The example I want to use is a missile defense intercept in space.
While I'm not here to tell you about the political issues surrounding missile defense -- that's for the Administration and Congress to debate -- I do want to walk you through the technical complexities of hitting a bullet with a bullet.
Sounds like Star Wars? Let me tell you, it truly is.
Using a scenario, these are the chain of events in a missile defense intercept:
- An enemy missile is launched.
- Our infrared early warning satellites detect the plume coming out of the end of the rocket.
- The satellite's pixels light up and communicate this data down to a battle command and control center in Colorado or Alaska.
- By looking at how the infrared pixels light up, we can plot a ballistic trajectory of where the missile might come down.
- The threat state vector determines the impact point prediction.
- The rules of engagement are met and the ground missile defense system is alerted.
- The battle management control center begins engagement planning and orders weapons free.
- Our radars are cued to track and report the threat.
- After the first stage of launch, the incoming missile releases a reentry vehicle and a number of decoys.
- The reentry vehicle could be a warhead of mass destruction.
- Our X-Band radar discriminates the reentry vehicle from the clutter of decoys and performs a hit to kill assessment.
- The battle management control center plots an intercept course and launches a two-stage Minuteman II booster missile with an exoatmospheric "kill vehicle" to intercept the incoming warhead for a "body-to-body" kinetic kill.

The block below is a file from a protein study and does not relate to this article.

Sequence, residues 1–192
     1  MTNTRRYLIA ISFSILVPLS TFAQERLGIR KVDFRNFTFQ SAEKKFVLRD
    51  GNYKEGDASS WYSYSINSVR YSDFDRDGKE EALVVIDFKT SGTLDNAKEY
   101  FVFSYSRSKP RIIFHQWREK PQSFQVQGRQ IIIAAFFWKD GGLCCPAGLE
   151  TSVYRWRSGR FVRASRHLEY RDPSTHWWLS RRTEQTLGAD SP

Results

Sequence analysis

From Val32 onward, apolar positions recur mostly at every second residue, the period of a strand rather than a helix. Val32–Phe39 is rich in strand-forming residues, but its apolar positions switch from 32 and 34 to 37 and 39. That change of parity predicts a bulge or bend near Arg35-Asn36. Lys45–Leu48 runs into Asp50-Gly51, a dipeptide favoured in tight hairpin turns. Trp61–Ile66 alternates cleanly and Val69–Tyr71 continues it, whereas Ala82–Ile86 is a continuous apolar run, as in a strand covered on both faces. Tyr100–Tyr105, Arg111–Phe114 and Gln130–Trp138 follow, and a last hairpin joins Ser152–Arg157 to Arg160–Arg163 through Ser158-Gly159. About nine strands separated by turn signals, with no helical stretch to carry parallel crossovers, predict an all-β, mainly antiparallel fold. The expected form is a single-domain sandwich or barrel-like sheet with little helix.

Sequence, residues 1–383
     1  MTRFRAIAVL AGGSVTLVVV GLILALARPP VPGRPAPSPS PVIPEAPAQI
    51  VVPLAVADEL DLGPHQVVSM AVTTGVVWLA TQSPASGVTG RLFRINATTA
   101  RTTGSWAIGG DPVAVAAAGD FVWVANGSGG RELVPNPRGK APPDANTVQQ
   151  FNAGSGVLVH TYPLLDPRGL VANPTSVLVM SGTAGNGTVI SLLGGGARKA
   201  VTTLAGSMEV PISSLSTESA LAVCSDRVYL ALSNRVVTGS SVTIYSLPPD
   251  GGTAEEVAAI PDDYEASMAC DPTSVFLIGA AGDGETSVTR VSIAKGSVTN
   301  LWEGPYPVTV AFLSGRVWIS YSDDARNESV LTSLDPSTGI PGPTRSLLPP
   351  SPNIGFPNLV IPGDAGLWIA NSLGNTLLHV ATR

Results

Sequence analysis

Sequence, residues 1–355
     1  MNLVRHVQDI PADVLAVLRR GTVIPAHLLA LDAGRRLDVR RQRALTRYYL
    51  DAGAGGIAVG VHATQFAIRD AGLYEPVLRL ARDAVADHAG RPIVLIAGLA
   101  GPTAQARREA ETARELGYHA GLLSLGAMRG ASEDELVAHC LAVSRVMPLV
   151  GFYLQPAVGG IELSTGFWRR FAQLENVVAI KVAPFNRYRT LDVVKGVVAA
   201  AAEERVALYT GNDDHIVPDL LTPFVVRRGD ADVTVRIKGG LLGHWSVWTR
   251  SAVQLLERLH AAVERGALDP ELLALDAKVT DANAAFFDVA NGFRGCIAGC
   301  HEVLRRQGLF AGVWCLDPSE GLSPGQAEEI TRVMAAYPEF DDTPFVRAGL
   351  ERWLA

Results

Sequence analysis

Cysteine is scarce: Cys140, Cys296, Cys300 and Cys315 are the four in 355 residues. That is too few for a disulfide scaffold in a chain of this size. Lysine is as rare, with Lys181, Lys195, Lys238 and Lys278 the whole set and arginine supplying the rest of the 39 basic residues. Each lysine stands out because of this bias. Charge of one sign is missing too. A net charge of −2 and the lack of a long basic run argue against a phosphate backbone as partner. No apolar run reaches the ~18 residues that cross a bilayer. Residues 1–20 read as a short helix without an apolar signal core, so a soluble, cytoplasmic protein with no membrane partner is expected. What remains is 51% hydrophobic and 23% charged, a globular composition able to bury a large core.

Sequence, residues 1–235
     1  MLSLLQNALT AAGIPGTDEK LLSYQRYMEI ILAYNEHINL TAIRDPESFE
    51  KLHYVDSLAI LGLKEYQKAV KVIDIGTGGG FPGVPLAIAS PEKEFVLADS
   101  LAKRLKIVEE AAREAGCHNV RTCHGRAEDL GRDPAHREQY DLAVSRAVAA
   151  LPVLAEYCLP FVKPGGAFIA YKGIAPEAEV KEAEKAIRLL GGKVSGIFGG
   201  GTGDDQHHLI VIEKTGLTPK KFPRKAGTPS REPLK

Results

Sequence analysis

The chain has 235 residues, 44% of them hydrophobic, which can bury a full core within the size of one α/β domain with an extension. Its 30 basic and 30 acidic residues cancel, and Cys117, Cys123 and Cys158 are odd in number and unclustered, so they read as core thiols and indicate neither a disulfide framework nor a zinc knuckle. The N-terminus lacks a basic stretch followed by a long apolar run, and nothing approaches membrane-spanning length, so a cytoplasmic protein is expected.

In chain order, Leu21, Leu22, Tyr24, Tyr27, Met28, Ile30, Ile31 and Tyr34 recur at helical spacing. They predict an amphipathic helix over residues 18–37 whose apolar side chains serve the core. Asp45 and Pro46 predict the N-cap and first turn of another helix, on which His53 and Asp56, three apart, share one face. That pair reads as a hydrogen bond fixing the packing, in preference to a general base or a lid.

- Our job is to fly and pick out the reentry vehicle from the decoys to perform the kinetic kill intercept.
- We fly the kill vehicle into the approximate location of where we think the reentry vehicle is going to be.
- The kill vehicle separates from the booster.
- The kill vehicle's computer uses stars to determine its position and navigation to guide itself to complete the mission.
- It receives continual updates from the ground radar system of the reentry vehicle's location.
- The kill vehicle discriminates the target from the decoys using its own sensors and very powerful algorithms, its infrared radar, and data from the battle management control center.
- The kill vehicle closes in to a lethal intercept with its own divert and attitude control system at a closing velocity in excess of 15,000 mph.
- Both vehicles are destroyed on impact.
Now while this may sound easy -- when you think about it -- you have to track, discriminate, and destroy an incoming enemy missile in a matter of minutes to potentially save the lives of millions. In other words, you have to get it right the first time. Nothing short of perfection will do.
So, what does this entail from an engineering standpoint?
It requires knowledge of the following:
- Rocket science and ballistics.
- Understanding of physics and orbital mechanics.
- Knowledge of physical property of reentry vehicles and decoys and how to discriminate between the two.
- Ability to write and generate very complex algorithms.
- Systems engineering among other things.
These are some of the skills and expertise that go into designing a "systems of system" solution.
Our job, as engineers, is to design a system that will put a kill vehicle in proximity to a rapidly moving target, discriminate the real thing from the decoys, and have it guide itself to complete the mission. In fact, we've accomplished this in five out of seven flight tests.
As with a Shuttle launch, talking about it doesn't really do it justice. Here's a short video of an intercept in action.
Here again, you don't get a second chance to do it right. Especially when potentially millions of lives depend on us to do it right the first time.
I always get emotionally involved in any mission -- whether it's a shuttle launch, missile intercept or satellite deployment -- because I know I'm looking at the work of thousands of men and women who are not just doing their jobs well. . . they're doing them perfectly.
And when you think about, there are millions of things that could go wrong - and don't.